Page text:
Arriving in the U.K a few weeks ago I was given a present by my sister. She had been listening absent-mindedly to BBC Radio 4, while driving, when the words “bees” and “Charente” made her tune in to the programme. She managed to absorb that they were discussing a book “A Sting in the Tale” by Dave Goulson and took the chance that I might find it interesting.
Usually I read my books very methodically reading any introductions etc. to begin with; however, I noticed a chapter “Chez Les Bourdons” so I couldn’t resist finding out what it was about immediately. A bourdon is a bumble bee in French so I thought it might be devoted to the identification and natural history of French bumble bees.
It was not.
It was about his experiences in buying a small farm in the Charente. This realised a dream to have land he could manage for nature and of course for bumble bees. I felt an immediate empathy for him as we had bought our house and garden in the Charente-Maritime at about the same time. I turned to the beginning of the book and started to read from the beginning with even more enthusiasm.
His style is very readable and personal. If you ever wondered what Biology professors are like when they are little boys, now is your chance to find out. He lightly traces his own life through his academic career with lots of anecdotes which never come to light reading the formalised style of a research paper. He is hoping to create natural meadow land on his land in France and is experimenting to compare the different techniques of returning the farm land to flower rich meadow. His ownership of the land secures this long term project from the vagaries of budget cuts and direction changes in funding bodies.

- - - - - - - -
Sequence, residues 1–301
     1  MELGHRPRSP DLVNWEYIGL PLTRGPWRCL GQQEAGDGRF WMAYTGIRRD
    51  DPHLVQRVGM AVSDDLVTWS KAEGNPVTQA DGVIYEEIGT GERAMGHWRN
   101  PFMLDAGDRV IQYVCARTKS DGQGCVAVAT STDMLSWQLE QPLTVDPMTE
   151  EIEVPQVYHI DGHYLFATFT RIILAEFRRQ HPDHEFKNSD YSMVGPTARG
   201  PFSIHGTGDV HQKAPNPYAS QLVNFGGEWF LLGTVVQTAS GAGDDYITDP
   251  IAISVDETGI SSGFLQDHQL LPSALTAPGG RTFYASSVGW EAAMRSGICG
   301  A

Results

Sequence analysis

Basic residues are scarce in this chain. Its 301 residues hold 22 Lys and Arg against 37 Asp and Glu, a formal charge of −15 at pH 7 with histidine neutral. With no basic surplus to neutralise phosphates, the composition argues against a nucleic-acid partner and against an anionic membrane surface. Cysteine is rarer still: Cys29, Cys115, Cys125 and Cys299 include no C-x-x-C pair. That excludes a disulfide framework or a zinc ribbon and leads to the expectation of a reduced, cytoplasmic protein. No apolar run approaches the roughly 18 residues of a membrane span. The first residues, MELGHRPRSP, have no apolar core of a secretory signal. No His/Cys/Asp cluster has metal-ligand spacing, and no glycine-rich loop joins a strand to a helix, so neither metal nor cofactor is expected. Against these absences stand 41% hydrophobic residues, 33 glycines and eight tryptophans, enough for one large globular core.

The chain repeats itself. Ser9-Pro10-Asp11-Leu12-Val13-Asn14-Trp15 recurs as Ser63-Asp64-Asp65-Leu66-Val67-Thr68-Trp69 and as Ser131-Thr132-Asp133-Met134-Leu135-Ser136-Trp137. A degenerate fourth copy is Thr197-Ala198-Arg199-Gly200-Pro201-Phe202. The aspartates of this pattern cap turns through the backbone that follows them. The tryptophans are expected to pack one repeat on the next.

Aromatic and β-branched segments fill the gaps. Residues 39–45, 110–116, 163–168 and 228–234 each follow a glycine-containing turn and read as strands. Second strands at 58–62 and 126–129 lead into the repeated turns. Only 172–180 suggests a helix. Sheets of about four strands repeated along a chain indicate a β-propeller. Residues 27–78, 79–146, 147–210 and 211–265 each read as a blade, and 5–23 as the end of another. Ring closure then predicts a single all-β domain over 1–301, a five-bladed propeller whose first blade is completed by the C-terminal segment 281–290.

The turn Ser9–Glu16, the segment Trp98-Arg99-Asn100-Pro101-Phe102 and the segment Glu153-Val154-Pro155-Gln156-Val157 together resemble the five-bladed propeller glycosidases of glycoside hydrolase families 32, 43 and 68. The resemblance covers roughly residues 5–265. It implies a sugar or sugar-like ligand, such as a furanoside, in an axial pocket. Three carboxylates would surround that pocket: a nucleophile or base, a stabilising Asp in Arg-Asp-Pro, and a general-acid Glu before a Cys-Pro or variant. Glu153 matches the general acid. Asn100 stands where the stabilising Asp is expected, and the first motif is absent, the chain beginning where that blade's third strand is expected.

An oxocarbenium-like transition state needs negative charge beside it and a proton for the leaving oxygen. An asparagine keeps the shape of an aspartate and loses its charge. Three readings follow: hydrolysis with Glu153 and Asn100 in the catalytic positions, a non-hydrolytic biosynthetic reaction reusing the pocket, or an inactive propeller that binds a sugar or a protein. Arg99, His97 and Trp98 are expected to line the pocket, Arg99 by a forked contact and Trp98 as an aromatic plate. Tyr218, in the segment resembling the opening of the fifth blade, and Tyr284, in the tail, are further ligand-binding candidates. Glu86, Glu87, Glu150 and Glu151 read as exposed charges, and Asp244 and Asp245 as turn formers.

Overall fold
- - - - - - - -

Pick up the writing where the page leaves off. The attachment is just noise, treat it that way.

I was also fascinated to learn how bumble bees had been introduced to New Zealand in the late nineteen century to help the pollination of red clover being grown for fodder. They were, of course, not the only animals and plants the settlers imported to “improve” their new home. However, the short-haired bumble bee has now disappeared from the U.K. Reading about the efforts being made to reintroduce the short-haired bumble bee to the U.K. brought home the problems man has created in his efforts to “improve” nature.
Even seemingly harmless bumble bees can upset established ecological systems as Goulson has seen for himself on his visits to Tasmania. Australia has no native bumble bees but buff-tailed bumble bees (Bombus terrestris) which are excellent pollinators for tomato plants appeared in Tasmania in 1992. Of course, the importation of non-native bees is forbidden in Australia and New Zealand but the first bumble bees were observed in Tasmania in 1992 which strangely coincides with the commercial production of bumble bees for pollination, particularly for tomatoes.
He explains in his book how the seemingly harmless introduction on a new species of bumble bee has effected visible changes in the ecology of Tasmania in a short period and speculates on possible future changes.
The book is full of personal stories and you can catch a backstage glimpse of the creation of the Bumble Bee Conservation Trust, the charity he set up for bumble bees in 2006. One of projects of the Trust was to re-introduce the short haired bumble bee to the UK. Once again the book offers you a very person peep into the beginnings of this fascinating project.
Goulson endeared me by admitting that one of the reasons he started to study bumble bees was that they were “rather loveable”. I think whether you are a bumble bee person or just interested in nature and life you will find this book a fascinating read.